Posted On: July 21, 2020
People discover their Disability Pride in some unlikely places. For Steve Foelsch, Director of Disability Studies at Starkloff Disability Institute, it was a dive bar in Bevo Mill.
“A bunch of us would get together on Friday’s for happy hour at Lemmons. Most of my friends had good-paying jobs, but I wasn’t working so they would never let me pay,” Steve recalls. “The first time I had a paycheck from SDI, I took a $100 bill down there and said the drinks were on me. To me, it meant more than just paying people back. It felt like equality. I felt like one of the guys again.”
Prior to the motorcycle accident that rendered him quadriplegic in 1985, Steve always had been part of the gang. He was prepared to join the 82nd Airborne Division before a heart valve defect brought his brief Army career to an end.
Jobs were scarce, but he helped out in his dad’s shop and took whatever work came along. He enjoyed camping and float trips. He loved listening to music and playing guitar. He and his buddies even formed a punk rock band, a noisy outfit known as the Proud Young Men.
“I wouldn’t call what I did singing, because I couldn’t carry a tune in a wheelbarrow,” Steve jokes. “But someone once said I was the front man, and I guess that’s a good way to describe it.”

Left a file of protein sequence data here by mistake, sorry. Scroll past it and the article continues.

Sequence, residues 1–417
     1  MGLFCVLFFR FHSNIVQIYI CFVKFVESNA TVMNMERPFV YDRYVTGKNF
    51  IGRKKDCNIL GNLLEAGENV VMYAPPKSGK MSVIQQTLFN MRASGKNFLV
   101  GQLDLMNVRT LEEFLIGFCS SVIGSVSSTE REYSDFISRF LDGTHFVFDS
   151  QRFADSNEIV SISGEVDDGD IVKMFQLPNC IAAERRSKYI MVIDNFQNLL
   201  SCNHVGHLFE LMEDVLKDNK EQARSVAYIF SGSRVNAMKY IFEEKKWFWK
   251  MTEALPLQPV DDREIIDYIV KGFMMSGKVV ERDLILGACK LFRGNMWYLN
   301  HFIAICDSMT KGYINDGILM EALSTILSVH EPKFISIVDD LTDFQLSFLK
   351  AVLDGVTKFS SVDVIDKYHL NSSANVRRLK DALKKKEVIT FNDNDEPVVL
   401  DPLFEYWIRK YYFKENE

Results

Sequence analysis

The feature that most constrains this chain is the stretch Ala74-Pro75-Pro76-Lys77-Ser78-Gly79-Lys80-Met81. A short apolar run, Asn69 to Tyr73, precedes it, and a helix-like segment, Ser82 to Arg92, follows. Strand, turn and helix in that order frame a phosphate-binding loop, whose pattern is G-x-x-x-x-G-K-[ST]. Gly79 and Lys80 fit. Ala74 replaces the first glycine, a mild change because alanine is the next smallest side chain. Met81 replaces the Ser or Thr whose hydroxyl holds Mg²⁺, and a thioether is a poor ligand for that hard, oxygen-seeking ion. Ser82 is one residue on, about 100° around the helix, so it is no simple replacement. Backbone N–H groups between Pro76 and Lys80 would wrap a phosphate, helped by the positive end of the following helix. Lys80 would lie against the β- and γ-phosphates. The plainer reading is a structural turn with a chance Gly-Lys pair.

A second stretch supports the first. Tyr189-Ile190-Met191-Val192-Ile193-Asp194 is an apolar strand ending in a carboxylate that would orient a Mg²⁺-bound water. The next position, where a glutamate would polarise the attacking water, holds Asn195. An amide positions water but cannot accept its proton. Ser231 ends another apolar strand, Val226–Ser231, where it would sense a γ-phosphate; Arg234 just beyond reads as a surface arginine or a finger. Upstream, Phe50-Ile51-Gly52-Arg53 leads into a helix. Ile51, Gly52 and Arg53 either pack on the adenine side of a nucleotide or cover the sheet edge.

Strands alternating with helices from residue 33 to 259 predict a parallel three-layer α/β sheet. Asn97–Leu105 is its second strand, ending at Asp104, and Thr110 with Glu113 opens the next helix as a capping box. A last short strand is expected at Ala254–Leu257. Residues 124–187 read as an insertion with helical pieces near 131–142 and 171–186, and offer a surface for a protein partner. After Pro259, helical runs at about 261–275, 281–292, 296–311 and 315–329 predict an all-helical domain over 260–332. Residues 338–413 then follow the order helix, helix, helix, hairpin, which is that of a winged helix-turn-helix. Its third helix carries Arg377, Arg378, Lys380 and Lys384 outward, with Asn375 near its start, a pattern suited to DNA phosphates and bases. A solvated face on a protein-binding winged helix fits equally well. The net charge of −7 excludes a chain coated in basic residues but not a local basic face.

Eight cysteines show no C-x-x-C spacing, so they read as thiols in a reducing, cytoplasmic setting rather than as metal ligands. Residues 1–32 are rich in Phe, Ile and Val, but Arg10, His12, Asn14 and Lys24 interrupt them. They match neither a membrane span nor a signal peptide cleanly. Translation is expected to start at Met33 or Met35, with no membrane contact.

Coincidentally, Steve was on his way home from a punk rock show in Lawrence, Kansas when his life took a painfully dramatic turn. Disoriented by an unexpected construction zone and confusing signage, he found himself speeding down the highway in the wrong direction.
By the time he saw the rapidly approaching car, it was too late. Steve’s motorcycle and the oncoming vehicle collided head-on at 70 mph, launching Steve through the car’s windshield and roof before depositing him on the road.
The other motorist climbed out of her automobile to scream at Steve, evidently more perturbed by the shards of glass in her shoes than the man bleeding on the pavement at her feet. The impact might have pulverized Steve’s C4 and C5 vertebrae, but his sardonic sense of humor was still intact.
“All my life I’ve had some old biddy shaking her geriatric finger at me, telling me I’m going to hell or whatever,” Steve recalls. “I thought to myself, ‘Well, I guess one of them is finally right. I’m definitely dying tonight.’ I just had to laugh.”
Steve was wrong; he survived, at least from a clinical standpoint. Spiritually, though, he sustained damage that seemed irreparable.
“When you acquire a disability, you go through a mourning process because the person you were has died in a way,” Steve somberly reflects. “I was always a blue-collar laborer. I loved repelling, caving and riding my bike. But those were all things I suddenly couldn’t do.”